The question—and answer—are actually the same.
In major, you have seven scale degrees, and the
V chords cover all seven scale degrees.
In minor, it's exactly the same. You have seven scale degrees, and even though scale-degrees 3, 6, and 7 are lowered from the major, those seven scale degrees are still covered by the
i includes scale-degrees 1, 3, and 5;
iv includes 2, 4, and 6; and
v includes 5, 7, and 2.
But note that the seven scale degrees could also be exhausted by the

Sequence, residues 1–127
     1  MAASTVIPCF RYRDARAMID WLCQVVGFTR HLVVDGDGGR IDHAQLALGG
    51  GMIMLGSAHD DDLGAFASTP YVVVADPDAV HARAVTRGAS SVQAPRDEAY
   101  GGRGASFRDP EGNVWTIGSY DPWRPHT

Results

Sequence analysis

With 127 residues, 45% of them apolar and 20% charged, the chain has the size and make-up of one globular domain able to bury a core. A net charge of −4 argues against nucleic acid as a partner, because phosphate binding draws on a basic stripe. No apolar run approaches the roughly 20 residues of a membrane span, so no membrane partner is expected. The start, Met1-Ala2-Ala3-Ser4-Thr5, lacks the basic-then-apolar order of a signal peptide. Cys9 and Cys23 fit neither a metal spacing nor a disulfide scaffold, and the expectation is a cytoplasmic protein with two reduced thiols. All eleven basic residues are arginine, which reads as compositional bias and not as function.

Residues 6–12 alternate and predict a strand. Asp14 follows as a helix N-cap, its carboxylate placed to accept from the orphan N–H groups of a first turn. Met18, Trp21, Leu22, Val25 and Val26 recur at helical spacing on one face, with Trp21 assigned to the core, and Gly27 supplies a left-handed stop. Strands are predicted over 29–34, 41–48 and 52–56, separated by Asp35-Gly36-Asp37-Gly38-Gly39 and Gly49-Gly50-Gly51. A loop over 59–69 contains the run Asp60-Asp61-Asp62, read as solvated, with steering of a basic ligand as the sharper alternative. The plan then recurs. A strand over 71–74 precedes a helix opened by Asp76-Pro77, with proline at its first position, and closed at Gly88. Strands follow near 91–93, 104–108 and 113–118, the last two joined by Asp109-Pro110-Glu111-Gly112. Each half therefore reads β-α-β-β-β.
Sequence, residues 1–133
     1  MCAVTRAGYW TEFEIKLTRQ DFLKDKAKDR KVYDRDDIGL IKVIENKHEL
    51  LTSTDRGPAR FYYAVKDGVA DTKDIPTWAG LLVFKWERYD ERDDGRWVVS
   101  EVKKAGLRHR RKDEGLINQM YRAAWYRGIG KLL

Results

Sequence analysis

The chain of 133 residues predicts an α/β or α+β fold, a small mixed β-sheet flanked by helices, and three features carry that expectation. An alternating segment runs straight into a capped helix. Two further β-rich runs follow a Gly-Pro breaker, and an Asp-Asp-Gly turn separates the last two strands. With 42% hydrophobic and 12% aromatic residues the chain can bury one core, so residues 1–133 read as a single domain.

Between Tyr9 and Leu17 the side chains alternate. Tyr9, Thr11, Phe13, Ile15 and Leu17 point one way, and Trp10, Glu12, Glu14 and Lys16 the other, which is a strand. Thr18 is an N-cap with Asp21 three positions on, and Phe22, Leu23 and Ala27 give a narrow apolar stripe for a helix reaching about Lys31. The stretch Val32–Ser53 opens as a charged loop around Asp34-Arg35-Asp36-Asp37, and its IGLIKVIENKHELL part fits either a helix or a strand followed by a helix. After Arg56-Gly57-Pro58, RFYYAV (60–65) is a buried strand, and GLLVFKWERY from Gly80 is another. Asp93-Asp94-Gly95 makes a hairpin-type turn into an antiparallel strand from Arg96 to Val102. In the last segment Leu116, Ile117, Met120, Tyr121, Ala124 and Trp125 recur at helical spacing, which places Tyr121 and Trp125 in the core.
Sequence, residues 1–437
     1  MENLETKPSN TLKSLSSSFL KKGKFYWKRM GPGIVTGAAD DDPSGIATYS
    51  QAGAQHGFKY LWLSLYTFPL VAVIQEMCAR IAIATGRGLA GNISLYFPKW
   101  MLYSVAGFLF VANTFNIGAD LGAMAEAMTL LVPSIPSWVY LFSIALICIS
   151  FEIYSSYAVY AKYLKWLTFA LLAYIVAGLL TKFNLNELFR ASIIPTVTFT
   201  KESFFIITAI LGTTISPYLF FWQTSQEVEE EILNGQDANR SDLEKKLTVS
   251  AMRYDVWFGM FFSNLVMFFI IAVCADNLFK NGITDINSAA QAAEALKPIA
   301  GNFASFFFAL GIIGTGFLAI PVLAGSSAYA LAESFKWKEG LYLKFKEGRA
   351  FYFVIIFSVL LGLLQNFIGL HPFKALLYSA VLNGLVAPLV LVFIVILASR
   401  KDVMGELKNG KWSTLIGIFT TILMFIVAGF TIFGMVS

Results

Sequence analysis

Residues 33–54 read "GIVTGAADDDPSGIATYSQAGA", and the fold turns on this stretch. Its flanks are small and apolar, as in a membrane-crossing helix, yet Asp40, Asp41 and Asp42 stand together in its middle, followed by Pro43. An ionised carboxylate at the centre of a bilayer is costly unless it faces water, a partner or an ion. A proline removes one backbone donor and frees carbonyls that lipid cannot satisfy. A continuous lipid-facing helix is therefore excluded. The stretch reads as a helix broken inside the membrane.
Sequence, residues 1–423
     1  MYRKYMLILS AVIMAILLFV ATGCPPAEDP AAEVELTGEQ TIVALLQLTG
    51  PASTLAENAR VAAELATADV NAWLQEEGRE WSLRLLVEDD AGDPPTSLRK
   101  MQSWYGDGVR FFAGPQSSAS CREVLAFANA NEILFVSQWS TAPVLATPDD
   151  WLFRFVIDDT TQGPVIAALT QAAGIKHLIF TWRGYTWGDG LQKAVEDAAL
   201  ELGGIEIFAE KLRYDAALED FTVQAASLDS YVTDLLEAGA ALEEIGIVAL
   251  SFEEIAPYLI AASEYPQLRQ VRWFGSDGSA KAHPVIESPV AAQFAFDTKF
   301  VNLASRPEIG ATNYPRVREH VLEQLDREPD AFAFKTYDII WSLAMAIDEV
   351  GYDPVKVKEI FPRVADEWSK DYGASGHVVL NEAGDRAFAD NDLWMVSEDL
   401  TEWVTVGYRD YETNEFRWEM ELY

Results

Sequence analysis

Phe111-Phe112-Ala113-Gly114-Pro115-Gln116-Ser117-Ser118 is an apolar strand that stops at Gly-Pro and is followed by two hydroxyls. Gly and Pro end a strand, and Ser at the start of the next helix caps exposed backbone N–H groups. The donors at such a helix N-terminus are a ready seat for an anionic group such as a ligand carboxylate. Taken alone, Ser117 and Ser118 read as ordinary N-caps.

VII chords. But using these chords will likely push you towards the relative major, since those chords create a circle-of-fifths progression of
V that would really want to move to
And, as the answers in your other question say, just because these chords exhaust the given scale degrees does not mean that your harmonization is guaranteed to be musical. Nor does it guarantee that every aspect of the progression will be syntactically correct according to the style you're attempting to emulate.
And, before you ask: the same is true for harmonic minor, and for melodic minor (although you'd have both major and minor forms of the
V chords), and for modes, as well.